How National Geographic Got it Wrong on GMO Science

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Judging a book, or in this case a magazine article, by it’s cover, I was prepared to dislike Joel Achenbach’s “War on Science” story in National Geographic. Turns out it’s an insightful, beautifully written piece about the psychology that influences scientific belief.

Too bad Achenbach got it wrong on the science of genetic engineering, and allowed his piece to be used as PR fodder for the agrichemical industry. I’m guessing that the higher ups at Monsanto and their PR firms have already ordered up poster-sized copies of the cover image, which conflates concerns about GMOs with climate change denial – a talking point the PR gurus have been pushing hard.

Achenbach devotes just one sentence of his story to GMO science, and the sentence is at odds with international scientific agreements about genetic engineering. He writes, “We’re asked to believe, for example, that it’s safe to eat food containing genetically modified organisms (GMOs) because, the experts point out, there’s no evidence that it isn’t and no reason to believe that altering genes precisely in a lab is more dangerous than altering them wholesale through traditional breeding.”

What the experts actually say, via internationally accepted agreements, is that genetic engineering is different from traditional breeding and carries different risks:

The United Nation’s Codex Alimentarius and the Cartagena Protocol on Biosafety  agree that genetic engineering differs from conventional breeding and that safety assessments should be required before GM organisms are used in food or released into the environment.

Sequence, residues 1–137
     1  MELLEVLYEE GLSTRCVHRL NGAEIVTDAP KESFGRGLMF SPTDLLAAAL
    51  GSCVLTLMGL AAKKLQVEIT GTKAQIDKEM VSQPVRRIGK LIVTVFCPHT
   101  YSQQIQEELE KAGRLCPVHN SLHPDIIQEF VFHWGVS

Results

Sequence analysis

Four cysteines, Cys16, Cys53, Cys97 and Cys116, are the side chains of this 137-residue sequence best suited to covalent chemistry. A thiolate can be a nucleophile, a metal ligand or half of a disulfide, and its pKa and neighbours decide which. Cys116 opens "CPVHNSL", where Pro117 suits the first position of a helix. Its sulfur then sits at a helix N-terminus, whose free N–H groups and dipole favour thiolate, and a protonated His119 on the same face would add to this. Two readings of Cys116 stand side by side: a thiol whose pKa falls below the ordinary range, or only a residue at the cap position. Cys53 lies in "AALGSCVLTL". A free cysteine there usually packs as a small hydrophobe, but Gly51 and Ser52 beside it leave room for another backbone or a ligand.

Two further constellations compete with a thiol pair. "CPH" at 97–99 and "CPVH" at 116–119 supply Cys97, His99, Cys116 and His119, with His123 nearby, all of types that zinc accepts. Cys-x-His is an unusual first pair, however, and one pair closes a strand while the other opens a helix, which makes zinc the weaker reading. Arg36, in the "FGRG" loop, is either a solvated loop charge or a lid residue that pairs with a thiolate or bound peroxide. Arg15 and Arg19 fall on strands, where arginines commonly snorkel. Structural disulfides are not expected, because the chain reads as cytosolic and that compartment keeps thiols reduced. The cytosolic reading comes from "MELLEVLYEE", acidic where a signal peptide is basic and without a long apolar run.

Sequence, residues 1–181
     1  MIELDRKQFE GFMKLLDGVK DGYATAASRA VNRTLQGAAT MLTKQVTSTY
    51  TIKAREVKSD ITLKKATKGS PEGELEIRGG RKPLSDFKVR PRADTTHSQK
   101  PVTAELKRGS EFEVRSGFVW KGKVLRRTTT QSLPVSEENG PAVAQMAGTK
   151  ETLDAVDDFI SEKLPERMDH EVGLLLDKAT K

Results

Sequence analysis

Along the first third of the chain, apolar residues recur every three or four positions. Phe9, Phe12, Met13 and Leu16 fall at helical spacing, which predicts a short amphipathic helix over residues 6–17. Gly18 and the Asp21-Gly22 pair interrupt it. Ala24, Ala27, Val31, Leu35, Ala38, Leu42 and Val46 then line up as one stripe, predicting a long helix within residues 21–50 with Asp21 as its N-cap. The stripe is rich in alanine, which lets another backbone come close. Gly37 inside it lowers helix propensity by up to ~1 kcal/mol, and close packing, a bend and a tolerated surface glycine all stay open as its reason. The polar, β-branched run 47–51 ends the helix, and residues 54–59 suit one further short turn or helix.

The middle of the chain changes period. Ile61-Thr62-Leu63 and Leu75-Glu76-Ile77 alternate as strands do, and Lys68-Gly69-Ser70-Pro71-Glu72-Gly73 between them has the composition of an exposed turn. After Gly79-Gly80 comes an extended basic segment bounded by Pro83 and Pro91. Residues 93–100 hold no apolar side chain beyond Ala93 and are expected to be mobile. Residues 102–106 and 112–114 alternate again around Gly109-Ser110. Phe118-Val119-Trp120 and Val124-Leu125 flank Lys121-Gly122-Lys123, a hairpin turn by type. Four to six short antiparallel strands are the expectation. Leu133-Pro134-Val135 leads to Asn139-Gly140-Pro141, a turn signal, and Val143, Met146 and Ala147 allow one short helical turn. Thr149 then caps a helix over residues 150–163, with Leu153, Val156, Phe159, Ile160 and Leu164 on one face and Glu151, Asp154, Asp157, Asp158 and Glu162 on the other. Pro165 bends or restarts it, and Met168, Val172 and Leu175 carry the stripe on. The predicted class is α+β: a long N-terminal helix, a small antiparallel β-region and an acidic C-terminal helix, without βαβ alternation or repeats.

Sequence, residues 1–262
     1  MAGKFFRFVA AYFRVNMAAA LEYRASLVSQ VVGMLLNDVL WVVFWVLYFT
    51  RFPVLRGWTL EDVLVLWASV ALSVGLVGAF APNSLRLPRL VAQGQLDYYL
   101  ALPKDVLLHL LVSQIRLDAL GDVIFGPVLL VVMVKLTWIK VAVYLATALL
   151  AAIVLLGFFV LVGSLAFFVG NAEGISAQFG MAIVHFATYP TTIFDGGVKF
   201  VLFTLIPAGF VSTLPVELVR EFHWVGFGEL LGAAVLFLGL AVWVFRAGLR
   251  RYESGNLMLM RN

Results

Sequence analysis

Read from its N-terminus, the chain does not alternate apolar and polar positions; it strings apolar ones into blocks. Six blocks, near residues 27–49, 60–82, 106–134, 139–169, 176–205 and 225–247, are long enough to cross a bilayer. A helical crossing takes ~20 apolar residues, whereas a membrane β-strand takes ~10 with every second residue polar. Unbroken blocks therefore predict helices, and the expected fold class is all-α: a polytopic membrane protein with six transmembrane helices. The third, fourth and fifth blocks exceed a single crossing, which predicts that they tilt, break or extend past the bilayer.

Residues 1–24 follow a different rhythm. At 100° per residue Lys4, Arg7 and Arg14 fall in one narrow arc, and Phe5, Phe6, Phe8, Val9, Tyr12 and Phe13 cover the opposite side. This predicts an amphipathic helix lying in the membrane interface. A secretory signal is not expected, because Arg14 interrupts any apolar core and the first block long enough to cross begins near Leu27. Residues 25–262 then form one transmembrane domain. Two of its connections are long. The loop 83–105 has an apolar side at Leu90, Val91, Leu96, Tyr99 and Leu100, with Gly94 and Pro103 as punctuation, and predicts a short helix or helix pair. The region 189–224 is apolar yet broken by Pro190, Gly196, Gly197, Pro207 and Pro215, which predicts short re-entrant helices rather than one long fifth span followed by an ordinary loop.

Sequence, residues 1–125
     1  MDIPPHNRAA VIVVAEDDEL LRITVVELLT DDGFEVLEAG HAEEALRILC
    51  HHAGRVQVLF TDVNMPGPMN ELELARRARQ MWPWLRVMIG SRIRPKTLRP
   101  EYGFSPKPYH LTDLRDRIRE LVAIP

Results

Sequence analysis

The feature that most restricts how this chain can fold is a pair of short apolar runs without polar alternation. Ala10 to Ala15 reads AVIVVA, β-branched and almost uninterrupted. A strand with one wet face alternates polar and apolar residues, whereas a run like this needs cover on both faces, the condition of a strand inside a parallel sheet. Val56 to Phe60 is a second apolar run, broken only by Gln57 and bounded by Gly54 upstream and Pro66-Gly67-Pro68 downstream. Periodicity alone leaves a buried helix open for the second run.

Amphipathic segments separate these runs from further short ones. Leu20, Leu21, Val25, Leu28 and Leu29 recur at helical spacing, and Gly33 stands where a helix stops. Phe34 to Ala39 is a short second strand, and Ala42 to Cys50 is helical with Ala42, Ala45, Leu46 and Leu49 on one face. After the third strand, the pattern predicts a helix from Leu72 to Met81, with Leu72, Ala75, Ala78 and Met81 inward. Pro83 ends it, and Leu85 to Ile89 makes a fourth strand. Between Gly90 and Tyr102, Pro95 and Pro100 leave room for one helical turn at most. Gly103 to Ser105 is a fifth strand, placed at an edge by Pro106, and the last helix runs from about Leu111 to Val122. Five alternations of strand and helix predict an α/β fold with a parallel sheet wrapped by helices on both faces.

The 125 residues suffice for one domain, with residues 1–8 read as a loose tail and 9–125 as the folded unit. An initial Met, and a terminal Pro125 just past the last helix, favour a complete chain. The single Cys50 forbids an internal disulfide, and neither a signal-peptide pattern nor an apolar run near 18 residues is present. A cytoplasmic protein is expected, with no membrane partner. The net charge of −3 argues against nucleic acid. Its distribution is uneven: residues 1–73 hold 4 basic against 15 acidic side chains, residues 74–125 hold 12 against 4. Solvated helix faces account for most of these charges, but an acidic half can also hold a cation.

The World Health Organization states that “GM foods and their safety should be assessed on a case-by-case basis” and “it is not possible to make general statements on the safety of all GM foods.”

Unfortunately, the United States does not follow this standard for case-by-case safety assessments of GMOs. The U.S. Food and Drug Administration’s 1992 guidance on GMOs (still in effect) states that GMOs are “substantially equivalent” to regular crops, but it is not based on any science whatsoever and was introduced by then-Vice President Dan Quayle at a biotechnology conference as part of Quayle’s “regulatory relief initiative.” Here’s the  background. For more details, see Gary Ruskin’s report Seedy Business.

For a more thorough explanation of the contradictory and very much unsettled science on the safety of GMOs, see the journal statement signed by over 300 scientists, MDs and scholars, “No scientific consensus on GMO safety.” This week, consumer watchdog groups, including Center for Food Safety, Consumer’s Union, Friends of the Earth and U.S. Right to Know called on journalists to do a better job of accurately reporting on the science of GMOs and to stop relying on talking points.

For the record, at U.S. Right to Know, we believe that GMOs could have some useful benefits in the future. However, genetic engineering of our food should proceed only with full transparency and robust independent science that makes an authentic attempt to understand the consequences, including impacts on health and the environment.

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